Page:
The most popular music in America during the Civil War was called minstrel music, which was based on two musical traditions: African and Celtic (Irish and Scottish). Minstrel music featured four main instruments: banjos, fiddles, tambourines, and the bones (literally, two pig or cow rib bones). Banjos were first brought to America by African slaves in the late seventeenth century, and their music became part of the culture of the South. Most of the white South was settled by Scottish and Irish immigrants, and they brought their musical traditions of Celtic fiddle songs with them, as well. The mixture of the two brought about the musical traditions that have become uniquely American, including the blues, blue-grass, country, ragtime, and Dixieland.
Minstrel music was also based on an ugly tradition called "blackface," which had been part of American music since Colonial times. Minstrels were white people who blacked their faces, exaggerated their speech, and performed on stage while pretending to be (and ridiculing) black people. It's surprising to us now that something so mean spirited and racist could have lasted so long, but minstrel music was the most popu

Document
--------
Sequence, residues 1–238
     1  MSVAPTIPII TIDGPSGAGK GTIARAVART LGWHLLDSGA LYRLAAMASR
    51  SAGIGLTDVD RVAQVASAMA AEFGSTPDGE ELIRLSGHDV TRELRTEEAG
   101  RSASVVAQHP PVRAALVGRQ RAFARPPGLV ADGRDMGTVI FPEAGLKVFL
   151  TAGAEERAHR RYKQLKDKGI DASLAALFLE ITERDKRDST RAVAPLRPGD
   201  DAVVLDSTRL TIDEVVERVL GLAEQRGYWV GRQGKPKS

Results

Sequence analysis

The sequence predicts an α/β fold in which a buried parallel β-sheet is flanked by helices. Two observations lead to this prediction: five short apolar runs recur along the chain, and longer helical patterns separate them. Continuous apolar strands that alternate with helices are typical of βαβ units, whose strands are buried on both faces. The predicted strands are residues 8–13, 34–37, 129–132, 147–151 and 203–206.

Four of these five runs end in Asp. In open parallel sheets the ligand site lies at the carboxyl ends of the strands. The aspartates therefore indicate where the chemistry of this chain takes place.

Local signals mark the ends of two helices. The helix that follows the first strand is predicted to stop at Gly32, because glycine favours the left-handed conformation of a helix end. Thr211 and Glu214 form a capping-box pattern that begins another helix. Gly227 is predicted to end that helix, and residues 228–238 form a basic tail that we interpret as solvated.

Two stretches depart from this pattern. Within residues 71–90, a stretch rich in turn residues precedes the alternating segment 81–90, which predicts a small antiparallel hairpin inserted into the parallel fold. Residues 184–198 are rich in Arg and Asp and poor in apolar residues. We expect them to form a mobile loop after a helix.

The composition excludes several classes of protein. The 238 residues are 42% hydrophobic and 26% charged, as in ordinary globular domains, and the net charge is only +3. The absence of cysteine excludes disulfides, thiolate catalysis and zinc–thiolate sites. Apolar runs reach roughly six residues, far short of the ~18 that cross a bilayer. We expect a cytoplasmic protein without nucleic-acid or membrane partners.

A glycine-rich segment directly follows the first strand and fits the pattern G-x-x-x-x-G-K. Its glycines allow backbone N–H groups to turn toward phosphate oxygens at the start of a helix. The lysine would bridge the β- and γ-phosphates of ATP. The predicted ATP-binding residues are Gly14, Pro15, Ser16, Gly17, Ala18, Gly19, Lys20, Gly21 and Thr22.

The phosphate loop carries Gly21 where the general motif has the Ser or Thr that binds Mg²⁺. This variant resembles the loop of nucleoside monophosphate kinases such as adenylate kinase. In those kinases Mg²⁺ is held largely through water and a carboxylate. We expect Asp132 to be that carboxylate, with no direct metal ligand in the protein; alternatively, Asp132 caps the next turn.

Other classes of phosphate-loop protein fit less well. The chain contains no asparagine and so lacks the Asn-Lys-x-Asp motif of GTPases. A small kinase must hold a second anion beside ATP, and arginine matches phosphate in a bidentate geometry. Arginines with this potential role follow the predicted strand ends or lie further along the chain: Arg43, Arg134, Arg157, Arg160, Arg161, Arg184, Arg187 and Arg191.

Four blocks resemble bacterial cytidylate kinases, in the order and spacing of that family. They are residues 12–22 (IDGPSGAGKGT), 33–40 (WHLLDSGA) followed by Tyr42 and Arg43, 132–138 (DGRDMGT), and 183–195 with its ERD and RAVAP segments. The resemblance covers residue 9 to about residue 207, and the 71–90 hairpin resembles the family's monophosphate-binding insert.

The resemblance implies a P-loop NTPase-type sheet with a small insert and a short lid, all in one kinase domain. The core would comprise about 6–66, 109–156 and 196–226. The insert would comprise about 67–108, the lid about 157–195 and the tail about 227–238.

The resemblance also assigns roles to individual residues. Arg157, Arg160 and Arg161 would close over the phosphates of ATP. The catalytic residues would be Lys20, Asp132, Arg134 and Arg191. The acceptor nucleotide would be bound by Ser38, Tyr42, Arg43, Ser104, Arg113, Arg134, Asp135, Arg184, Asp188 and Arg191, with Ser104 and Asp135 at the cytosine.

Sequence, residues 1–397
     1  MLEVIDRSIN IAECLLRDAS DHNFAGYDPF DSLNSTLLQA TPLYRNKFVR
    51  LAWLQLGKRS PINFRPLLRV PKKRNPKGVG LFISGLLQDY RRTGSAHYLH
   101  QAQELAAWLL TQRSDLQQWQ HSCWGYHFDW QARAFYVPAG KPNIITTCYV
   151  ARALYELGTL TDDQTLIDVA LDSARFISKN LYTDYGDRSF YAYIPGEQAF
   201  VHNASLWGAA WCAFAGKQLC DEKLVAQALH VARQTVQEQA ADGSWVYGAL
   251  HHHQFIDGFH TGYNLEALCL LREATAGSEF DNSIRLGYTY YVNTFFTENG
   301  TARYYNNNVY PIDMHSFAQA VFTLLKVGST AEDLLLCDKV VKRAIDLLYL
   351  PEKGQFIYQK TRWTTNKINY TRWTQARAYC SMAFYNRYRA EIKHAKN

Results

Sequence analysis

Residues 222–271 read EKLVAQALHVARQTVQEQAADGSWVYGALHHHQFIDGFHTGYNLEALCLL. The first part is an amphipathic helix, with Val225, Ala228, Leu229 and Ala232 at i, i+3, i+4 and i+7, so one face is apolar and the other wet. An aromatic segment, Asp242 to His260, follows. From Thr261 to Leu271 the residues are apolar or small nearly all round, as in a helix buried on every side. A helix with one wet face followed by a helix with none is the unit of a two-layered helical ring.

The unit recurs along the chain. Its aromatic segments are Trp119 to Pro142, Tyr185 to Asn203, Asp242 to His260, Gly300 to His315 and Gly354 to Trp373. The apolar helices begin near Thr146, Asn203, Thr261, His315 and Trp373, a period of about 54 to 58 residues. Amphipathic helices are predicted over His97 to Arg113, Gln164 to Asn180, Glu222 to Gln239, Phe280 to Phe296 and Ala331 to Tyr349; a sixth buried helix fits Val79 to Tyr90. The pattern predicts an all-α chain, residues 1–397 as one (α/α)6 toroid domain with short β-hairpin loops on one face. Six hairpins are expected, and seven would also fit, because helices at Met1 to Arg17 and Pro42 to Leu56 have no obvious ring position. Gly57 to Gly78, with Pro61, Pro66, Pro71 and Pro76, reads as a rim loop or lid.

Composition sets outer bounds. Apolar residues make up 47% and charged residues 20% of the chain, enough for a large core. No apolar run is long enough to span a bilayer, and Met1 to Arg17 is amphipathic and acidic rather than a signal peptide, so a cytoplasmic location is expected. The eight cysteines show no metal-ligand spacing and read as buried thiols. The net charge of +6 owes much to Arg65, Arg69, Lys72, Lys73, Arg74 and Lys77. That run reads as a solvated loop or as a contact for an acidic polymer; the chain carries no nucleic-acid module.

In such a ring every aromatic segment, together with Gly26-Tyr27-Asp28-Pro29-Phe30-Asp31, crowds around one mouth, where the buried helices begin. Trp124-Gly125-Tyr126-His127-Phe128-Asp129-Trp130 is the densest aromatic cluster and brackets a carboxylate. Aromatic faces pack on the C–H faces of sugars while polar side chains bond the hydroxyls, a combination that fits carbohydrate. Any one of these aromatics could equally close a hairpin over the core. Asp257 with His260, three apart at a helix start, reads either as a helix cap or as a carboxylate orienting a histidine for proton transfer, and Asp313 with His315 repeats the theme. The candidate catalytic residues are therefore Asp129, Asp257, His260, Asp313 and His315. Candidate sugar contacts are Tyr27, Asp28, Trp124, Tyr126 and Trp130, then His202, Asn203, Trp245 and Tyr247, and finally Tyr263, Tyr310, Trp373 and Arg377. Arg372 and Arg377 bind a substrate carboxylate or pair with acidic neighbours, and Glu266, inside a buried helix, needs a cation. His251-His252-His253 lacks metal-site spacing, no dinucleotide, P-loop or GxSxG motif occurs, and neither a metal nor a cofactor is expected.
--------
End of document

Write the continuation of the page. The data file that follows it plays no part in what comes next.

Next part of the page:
lar form of music in America for almost thirty years before and during the Civil War.
Minstrel shows usually consisted of three parts: the first part was a traditional song recital, where members of the whole minstrel troupe sang popular songs such as "Old Folks at Home" and "Camptown Races," and told jokes and riddles. The second part of the show was more of a variety act, where individual performers would come on stage one at a time and do separate acts. The third part was usually a skit that combined acting and songs that commented on current events. Minstrel shows first became popular in the 1840s, when a group called the Virginia Minstrels toured the country, playing music and performing skits. The Virginia Minstrels were such a hit that they caused a minstrel craze that peaked right around the time of the Civil War. Hundreds of minstrel troupes performed in cities all over the country, and minstrel music was played by anyone who could pick up a banjo, fiddle, or bones.
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